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July 12, 2002
A Bigger Unit
ESPN The Magazine

Imagine you're a high school basketball coach, and one day you're blessed with a 7'1" kid who can not only rebound and block shots, but dribble, pass, shoot and run the floor as well. And one day, during the kid's junior season, with letters from the coaches at Duke, Princeton and Stanford already in the mail, the kid tells you he'll be quitting hoops as a senior to concentrate on his pitching career.

Ryan Doherty
Seven feet of heat.
There's only one thing to say: "Thanks a lot, Randy Johnson."

"I started to fall in love with baseball right around the time Randy Johnson was making a name for himself with the Mariners," says Ryan Doherty, 18, the ex-hoopster from Toms River, N.J., who is now a righthanded pitcher on his way to Notre Dame on a partial baseball scholarship. "I had a hero for life. I think I might have had a decent future in basketball, but my height in baseball makes me a real oddity. Guys just aren't used to facing pitchers my height."

After his 100 junior season, there was a lot of talk that Doherty would go high in this spring's baseball draft. But a 54 senior season (though his 1.14 ERA and 12.7 strikeouts per nine innings were better than the year before), coupled with Doherty's insistence that he was going to South Bend unless someone blew him away with an offer, led to a pass from all 30 major league teams.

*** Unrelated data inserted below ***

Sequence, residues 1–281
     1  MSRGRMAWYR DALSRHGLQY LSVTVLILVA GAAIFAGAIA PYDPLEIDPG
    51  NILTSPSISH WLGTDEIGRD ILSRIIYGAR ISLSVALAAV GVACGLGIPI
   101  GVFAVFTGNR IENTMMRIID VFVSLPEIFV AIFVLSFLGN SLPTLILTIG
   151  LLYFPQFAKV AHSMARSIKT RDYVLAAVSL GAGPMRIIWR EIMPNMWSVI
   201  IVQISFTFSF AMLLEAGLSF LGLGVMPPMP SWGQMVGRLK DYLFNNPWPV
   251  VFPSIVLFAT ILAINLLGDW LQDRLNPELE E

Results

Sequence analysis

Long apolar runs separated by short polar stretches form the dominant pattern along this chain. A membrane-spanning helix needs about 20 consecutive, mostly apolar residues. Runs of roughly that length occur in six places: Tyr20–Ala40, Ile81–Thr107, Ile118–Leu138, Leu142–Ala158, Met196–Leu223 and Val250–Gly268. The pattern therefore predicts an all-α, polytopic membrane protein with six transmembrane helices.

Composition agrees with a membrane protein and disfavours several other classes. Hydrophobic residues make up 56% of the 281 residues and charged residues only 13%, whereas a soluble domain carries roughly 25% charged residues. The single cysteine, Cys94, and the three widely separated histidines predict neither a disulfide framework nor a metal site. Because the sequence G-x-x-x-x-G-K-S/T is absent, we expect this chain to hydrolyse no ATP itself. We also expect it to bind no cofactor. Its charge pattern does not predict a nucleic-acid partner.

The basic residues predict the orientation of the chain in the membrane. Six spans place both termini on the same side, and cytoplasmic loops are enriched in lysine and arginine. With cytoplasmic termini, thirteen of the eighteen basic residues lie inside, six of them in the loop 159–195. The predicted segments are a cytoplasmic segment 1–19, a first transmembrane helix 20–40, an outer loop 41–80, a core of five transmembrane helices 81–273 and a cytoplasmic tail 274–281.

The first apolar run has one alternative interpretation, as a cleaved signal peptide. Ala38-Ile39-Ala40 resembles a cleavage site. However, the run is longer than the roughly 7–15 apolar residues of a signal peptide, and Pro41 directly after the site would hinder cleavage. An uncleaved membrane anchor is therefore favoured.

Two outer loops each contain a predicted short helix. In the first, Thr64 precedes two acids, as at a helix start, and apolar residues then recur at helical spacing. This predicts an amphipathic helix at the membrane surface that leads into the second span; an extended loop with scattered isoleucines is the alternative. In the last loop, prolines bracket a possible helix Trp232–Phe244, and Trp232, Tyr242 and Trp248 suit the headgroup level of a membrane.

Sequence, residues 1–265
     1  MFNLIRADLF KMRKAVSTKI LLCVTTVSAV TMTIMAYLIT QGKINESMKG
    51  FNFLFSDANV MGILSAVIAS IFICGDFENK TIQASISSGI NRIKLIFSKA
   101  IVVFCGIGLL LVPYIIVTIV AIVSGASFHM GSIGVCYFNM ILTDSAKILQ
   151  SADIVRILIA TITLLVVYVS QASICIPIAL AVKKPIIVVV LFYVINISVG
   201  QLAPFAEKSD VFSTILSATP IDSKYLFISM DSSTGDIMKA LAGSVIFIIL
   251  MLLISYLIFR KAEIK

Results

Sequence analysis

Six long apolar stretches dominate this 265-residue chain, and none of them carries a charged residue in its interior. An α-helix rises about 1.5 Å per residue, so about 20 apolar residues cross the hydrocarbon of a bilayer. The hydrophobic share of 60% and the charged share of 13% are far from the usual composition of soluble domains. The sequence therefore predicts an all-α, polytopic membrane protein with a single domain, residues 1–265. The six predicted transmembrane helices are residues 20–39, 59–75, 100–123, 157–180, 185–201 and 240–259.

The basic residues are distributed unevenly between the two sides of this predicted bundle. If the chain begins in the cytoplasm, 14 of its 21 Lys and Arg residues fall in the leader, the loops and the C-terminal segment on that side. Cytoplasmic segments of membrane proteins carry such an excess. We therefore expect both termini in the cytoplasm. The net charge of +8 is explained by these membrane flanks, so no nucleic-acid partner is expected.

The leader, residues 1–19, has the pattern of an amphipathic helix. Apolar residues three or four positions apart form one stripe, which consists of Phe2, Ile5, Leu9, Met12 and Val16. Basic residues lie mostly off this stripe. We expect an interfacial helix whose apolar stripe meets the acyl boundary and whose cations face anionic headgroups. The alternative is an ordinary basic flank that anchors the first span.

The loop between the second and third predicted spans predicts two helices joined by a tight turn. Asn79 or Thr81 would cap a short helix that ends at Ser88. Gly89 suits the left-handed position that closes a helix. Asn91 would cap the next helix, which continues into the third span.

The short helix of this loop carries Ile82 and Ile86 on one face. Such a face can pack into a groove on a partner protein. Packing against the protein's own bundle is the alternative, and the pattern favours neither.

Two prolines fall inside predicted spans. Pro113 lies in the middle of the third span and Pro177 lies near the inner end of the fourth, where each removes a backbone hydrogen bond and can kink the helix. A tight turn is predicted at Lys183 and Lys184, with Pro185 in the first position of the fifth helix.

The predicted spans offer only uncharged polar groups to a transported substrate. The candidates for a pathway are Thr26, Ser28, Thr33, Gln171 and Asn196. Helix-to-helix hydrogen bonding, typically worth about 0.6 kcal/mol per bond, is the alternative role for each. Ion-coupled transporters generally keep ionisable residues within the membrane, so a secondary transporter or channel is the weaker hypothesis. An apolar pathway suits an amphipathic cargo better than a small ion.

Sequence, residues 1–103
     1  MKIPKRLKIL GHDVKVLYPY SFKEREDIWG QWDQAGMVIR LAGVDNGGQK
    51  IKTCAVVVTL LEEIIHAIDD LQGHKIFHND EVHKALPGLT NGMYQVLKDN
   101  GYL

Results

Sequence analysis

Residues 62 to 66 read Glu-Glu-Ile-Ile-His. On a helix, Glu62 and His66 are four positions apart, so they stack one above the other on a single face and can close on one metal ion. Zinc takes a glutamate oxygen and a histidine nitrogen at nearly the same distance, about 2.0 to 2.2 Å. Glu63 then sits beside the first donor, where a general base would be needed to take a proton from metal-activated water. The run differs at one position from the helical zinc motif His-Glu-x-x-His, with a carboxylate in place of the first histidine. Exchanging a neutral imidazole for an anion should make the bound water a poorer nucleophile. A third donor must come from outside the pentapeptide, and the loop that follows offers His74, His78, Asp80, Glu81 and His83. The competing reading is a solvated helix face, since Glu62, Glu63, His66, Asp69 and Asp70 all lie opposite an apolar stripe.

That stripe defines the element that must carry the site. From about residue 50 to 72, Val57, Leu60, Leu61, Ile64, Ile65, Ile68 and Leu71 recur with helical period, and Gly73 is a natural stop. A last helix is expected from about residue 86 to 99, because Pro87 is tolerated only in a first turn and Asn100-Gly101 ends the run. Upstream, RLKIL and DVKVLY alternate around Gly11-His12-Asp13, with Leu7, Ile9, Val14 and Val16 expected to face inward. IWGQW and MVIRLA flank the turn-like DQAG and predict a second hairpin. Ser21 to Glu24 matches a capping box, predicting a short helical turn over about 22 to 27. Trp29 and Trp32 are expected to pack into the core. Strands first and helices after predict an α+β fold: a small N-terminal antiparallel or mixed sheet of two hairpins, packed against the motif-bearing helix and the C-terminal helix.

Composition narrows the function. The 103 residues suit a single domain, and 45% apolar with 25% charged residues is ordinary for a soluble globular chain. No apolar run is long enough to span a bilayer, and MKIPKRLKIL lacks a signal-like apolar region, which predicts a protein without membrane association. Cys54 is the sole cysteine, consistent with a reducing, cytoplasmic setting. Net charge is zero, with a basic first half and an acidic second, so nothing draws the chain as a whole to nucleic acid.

"College is the right direction for him at this point anyway," says Toms River East coach Bill Frank. "He's still growing into his body. He can already hit 90 mph on the gun, but if he can gain 30 or 40 pounds [he weighs 235 now], he'll throw harder. And he's still developing a breaking pitch."

While Doherty's stuff is still under construction, one thing he has over Johnson at this stage of his development is control. "I throw strikes," Doherty says, "but I tend to short-arm the ball, which is not a good thing for a tall pitcher. I've got work to do, and that's the challenge. With Randy, the thing I've noticed more than anything is how hard he competes. That's the main thing about him that I'd like to emulate."

This article appears in the July 22 issue of ESPN The Magazine.



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